40,000 railway employees to march to Parliament for better wages
The union assured that no rail services will be disrupted
NEW DELHI: Nearly 40,000 to 50,000 people, members of various Railway unions, are holding a protest march to Parliament in the national capital on Tuesday. The unions are demanding the withdrawal of the National Pension System (NPS) and improvement of minimum wages.
The unions are also demanding a hike in minimum pay to Rs 26,000 from the current Rs 18,000.
"Under the NPS, the defined minimum pension or family pension is no more guaranteed for those employees who came in government service on or after 2004, although they are regularly contributing 10 per cent of their wages every month towards this scheme," said Shiv Gopal Mishra, general secretary of All India Railwaymen's Federation (AIRF) at a press conference.
Railwaymen from all across the country are participating in the protest. However, the union assured that no rail services will be disrupted and select few employees will continue to man the services.
“We have given instructions that no trains will be stopped or delayed because of our march. However, there will be a lot of absentees. Most of those affected are youngsters and they are very upset and angry," said Mishra.
In February 2016, the AIRF had conducted a secret ballot for its members to decide the future course of action if its demands weren't met. Ninety-five per cent of the 9,00,000 railwaymen who voted supported a strike. These employees included railway men from across the country, including 17 zones and seven production units of the Indian Railways.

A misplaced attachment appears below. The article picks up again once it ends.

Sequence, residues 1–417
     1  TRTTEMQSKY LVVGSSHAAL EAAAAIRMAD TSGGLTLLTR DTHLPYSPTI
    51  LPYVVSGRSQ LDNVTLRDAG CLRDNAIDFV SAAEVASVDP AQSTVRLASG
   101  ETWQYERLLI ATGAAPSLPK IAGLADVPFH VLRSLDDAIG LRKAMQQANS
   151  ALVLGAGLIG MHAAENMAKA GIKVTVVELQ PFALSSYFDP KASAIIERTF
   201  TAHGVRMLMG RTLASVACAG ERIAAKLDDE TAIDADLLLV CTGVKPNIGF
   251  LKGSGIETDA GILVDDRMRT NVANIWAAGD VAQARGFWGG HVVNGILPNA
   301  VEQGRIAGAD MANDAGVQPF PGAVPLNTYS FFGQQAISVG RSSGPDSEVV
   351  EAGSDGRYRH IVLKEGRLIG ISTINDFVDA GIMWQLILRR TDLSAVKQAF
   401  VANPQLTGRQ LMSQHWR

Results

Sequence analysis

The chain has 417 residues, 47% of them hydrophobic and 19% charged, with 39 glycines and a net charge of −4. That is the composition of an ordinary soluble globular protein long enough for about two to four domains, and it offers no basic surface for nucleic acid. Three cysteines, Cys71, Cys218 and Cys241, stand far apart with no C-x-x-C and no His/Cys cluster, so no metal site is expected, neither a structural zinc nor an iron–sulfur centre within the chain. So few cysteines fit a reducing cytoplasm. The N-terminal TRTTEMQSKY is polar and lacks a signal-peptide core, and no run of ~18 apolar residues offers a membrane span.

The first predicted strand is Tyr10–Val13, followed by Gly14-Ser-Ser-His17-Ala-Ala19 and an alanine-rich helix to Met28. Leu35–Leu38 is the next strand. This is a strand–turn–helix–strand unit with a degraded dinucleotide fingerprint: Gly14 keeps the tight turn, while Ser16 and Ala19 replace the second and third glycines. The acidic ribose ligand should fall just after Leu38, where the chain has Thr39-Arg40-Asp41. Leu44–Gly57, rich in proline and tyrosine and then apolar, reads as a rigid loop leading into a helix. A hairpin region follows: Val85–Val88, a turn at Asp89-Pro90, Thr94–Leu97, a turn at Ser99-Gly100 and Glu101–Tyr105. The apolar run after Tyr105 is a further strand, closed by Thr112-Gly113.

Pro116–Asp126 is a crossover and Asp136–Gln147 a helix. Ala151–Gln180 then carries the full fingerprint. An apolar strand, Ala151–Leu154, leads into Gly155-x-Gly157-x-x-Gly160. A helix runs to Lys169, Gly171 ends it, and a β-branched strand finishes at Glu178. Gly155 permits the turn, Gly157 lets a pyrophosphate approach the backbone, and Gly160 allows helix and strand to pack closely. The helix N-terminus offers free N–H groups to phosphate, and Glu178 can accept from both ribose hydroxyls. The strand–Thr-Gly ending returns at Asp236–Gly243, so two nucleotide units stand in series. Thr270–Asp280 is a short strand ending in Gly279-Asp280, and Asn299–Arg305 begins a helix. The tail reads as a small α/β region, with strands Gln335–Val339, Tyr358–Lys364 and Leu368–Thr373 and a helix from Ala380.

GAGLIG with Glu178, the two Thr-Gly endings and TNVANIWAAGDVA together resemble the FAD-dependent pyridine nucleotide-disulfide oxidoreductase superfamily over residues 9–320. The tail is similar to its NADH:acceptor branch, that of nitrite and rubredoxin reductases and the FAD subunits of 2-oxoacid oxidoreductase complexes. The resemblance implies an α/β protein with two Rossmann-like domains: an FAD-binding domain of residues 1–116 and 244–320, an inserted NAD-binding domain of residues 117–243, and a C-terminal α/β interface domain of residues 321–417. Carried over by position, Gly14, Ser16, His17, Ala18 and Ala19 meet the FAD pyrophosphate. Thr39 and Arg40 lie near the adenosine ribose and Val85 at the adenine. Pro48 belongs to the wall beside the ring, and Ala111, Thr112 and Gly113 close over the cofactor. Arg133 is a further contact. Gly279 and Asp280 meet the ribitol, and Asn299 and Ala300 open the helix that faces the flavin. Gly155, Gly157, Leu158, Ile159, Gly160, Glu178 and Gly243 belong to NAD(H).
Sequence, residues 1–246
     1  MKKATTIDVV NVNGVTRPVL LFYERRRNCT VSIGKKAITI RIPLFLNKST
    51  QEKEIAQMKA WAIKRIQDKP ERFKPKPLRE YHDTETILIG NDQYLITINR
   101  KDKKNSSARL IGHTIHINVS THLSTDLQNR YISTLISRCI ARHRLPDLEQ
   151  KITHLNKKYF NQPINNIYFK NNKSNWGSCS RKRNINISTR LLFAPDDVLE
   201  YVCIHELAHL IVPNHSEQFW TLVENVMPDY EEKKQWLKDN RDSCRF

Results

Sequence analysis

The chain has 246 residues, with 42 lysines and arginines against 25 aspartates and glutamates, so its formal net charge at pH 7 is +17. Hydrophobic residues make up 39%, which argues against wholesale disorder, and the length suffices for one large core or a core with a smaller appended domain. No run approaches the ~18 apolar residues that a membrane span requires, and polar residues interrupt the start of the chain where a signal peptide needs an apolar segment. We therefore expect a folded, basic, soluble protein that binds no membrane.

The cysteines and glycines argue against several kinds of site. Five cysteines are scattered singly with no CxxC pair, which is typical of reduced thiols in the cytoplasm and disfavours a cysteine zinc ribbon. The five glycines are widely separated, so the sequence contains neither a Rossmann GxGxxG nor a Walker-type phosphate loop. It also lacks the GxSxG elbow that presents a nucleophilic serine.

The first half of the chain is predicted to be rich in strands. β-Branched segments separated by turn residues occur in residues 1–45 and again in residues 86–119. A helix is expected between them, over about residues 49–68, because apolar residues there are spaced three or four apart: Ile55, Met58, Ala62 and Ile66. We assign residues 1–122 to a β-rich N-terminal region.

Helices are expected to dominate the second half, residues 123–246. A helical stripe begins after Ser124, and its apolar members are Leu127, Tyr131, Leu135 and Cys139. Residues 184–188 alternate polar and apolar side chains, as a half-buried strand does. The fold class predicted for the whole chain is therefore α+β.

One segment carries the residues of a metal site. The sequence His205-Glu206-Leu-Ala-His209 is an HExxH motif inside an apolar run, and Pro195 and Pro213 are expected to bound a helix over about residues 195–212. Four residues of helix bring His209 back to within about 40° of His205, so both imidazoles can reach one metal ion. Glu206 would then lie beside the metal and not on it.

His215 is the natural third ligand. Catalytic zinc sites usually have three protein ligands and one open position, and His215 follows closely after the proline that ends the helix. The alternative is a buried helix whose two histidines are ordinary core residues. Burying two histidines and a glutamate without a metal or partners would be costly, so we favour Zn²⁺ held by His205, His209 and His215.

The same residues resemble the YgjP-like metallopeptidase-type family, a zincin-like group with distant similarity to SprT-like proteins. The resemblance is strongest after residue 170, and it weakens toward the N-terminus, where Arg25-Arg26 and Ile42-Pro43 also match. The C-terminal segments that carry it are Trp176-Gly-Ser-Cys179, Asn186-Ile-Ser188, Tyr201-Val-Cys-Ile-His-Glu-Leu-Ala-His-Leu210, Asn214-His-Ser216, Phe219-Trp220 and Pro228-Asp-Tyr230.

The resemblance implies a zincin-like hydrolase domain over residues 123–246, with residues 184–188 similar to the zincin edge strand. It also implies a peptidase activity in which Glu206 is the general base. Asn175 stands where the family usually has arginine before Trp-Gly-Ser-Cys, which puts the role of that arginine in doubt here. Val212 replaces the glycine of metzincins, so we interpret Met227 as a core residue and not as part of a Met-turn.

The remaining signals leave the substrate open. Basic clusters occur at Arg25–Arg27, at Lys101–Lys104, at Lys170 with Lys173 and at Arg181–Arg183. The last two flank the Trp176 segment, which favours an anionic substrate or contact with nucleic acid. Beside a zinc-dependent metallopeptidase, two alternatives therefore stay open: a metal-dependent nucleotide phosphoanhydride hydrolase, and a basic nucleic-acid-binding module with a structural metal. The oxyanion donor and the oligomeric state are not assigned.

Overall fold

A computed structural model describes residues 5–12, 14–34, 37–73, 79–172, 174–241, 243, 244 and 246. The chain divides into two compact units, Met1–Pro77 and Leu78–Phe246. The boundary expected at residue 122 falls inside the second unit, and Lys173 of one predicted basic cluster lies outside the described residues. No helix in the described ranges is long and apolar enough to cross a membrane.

Mishra said while social security to retired government employees was achieved after a prolonged struggle, it was virtually withdrawn with the introduction of the NPS from January 2004.
The demand to scrap the NPS was one of the main demands made by the central government employees last year. A three-member committee of ministers headed by Home Minister Rajnath Singh was formed to discuss the grievances but there was no progress.
"There is anger and anguish not just among railwaymen, but also among bureaucrats, over this. We have been assured again and again that our demands will be met, but nothing has happened so far. If they do not relent, then we will have to stick together and the next step could well be disruptive," Mishra said.
In 1974, railway employees demanding a wage increase staged a strike that crippled life in the country for almost three weeks.
With agency inputs